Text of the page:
• WA footy legend Irwin Lewis has passed away at the age of 80 years old. (WAFL Collection)Source: WAFL Collection
Irwin Lewis was the first Aboriginal person to attend the University of Western Australia, a WA footy legend, and father to former two-time Eagles' premiership player Chris Lewis.
Rangi Hirini

31 Jan 2020 - 10:25 AM  UPDATED 31 Jan 2020 - 10:29 AM

WARNING: Aboriginal and Torres Strait Islander people should exercise caution when viewing this article as it contains names and images of deceased persons, which may cause distress to members of these communities.

On Monday, Western Australian Aboriginal footy legend Irwin Lewis passed away in his hometown of Morawa in WA's mid-west region. 

Mr Lewis was the first-ever Aboriginal student to attend the University of Western Australia, the second Aboriginal football player to represent the Claremont Tigers in the WAFL, and an artist with collections showcased throughout the country.

The Widi man who had connections to the Yamatji and Noongar people was known as a "skilful and physically robust half-back flanker" who "played the game hard."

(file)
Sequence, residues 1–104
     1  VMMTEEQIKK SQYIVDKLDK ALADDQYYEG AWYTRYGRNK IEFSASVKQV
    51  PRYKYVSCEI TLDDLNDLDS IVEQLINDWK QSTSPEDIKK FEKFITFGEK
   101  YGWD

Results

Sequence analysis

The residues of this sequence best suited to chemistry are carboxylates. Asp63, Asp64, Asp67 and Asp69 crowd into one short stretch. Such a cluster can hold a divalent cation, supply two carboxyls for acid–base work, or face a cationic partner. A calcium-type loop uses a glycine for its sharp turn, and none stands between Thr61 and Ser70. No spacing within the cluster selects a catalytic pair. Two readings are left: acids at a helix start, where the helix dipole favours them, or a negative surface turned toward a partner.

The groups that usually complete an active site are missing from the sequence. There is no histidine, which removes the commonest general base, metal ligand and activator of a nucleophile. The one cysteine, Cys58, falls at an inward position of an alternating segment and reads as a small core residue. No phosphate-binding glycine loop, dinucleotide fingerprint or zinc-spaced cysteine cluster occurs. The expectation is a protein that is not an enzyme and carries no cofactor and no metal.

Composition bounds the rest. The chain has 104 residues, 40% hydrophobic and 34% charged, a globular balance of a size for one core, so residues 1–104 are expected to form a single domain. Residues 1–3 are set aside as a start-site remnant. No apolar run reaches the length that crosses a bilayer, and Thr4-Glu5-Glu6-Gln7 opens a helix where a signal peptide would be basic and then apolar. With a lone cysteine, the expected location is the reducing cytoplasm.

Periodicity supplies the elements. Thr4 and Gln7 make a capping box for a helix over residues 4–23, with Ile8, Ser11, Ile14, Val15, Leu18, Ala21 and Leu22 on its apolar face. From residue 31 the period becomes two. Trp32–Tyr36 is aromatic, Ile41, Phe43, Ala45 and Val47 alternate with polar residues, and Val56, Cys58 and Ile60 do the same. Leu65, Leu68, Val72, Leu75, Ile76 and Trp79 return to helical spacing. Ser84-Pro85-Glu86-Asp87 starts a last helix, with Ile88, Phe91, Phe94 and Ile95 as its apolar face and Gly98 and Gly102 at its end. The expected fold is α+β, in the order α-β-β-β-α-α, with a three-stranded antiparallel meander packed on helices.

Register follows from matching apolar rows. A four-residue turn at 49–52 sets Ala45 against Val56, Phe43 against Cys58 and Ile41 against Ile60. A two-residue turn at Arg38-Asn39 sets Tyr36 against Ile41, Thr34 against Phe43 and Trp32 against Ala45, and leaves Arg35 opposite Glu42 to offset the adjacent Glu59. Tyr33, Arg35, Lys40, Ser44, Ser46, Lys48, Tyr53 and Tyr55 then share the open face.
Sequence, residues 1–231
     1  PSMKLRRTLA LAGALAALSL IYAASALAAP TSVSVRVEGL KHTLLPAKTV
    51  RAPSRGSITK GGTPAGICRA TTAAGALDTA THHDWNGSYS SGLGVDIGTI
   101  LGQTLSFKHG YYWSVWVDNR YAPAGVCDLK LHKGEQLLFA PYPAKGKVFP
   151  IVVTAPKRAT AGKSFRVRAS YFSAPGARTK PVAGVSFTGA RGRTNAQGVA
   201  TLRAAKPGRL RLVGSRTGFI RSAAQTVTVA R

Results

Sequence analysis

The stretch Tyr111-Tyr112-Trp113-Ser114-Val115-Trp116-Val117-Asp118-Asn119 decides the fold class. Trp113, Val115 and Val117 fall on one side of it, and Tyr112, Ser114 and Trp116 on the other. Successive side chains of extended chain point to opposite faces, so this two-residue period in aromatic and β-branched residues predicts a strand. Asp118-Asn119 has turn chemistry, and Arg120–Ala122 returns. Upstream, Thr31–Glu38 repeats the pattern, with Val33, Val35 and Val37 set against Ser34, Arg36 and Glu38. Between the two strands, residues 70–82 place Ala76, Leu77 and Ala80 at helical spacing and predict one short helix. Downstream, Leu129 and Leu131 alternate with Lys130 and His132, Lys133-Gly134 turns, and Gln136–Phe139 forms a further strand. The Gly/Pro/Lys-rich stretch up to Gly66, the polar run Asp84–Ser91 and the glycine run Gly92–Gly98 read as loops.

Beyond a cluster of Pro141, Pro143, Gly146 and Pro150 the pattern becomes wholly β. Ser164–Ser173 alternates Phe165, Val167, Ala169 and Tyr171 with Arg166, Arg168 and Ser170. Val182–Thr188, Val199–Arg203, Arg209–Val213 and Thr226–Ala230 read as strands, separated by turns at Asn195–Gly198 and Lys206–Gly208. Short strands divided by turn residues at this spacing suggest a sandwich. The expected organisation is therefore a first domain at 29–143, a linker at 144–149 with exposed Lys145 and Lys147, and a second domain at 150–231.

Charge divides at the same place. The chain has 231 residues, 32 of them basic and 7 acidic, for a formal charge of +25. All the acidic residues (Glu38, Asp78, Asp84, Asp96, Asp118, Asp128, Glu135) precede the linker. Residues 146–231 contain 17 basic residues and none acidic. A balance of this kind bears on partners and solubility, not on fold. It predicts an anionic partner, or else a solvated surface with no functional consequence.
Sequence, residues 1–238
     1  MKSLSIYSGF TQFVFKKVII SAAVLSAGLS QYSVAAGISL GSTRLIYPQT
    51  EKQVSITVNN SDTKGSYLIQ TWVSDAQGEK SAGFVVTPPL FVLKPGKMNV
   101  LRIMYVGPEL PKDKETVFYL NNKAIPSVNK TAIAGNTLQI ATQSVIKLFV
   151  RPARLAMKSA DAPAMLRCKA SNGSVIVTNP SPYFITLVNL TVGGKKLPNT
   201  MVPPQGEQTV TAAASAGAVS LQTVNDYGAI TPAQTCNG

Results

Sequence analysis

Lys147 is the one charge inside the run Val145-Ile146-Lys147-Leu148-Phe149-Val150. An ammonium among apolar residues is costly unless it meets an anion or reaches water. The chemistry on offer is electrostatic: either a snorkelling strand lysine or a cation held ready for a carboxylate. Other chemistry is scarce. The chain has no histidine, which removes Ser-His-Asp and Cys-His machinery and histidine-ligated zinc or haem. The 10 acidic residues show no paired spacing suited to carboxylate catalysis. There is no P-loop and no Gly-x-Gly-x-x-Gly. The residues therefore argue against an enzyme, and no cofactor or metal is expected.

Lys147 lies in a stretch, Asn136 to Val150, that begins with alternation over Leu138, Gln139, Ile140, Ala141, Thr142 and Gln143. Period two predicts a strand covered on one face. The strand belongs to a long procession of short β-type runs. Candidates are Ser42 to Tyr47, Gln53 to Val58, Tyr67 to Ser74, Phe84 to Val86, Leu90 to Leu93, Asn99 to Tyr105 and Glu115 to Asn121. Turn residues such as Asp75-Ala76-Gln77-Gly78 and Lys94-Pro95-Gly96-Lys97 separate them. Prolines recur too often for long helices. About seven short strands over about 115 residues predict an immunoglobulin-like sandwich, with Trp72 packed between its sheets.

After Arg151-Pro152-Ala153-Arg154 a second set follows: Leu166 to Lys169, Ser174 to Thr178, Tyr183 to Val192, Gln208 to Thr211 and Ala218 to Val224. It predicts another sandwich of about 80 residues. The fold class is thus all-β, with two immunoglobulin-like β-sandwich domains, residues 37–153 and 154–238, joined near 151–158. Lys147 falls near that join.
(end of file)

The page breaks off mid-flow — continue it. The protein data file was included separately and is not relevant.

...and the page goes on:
"On behalf of the family, we'd like to thank all the people for their messages and condolences and the thoughts and wishes from everybody," Mr Lewis' son Clayton Lewis told NITV News.

"We're happy that dad passed away peacefully in his sleep in his hometown of Morawa in the state's mid-west, and we're sad but relieved that he's at rest now with his old people," he said.

Mr Lewis' three sons, Clayton, Cameron and Chris also played at the Claremont Football Club, and Chris played more than 200 games for the West Coast Eagles including the 1992 and 1994 premiership games.

But Mr Lewis was more than just a star on the footy field; he also excelled academically.

He was the dux of his junior cohort at Morawa State School and won a scholarship to attend Christ Church Grammar School in 1953.

In March 1957 he became the first Aboriginal person to attend the University of Western Australia, which is currently ranked No. 7 in the country and the top university in the state.

Mr Lewis went on to become one of the leading public servants in Indigenous welfare and development before retiring in 1989.

In his later years, he became one of the state's top Aboriginal artists whose work depict many of the tragedies that Aboriginal people have suffered in the years since colonisation.

He had collections at the National Maritime Museum in New South Wales, the Art Gallery of Western Australia, and Australian Institute of Aboriginal and Torres Strait Islander Studies in Canberra.

Mr Lewis passed away surrounded by family. He was 80 years old.

Irwin Lewis' image and name has been used with his family's consent.

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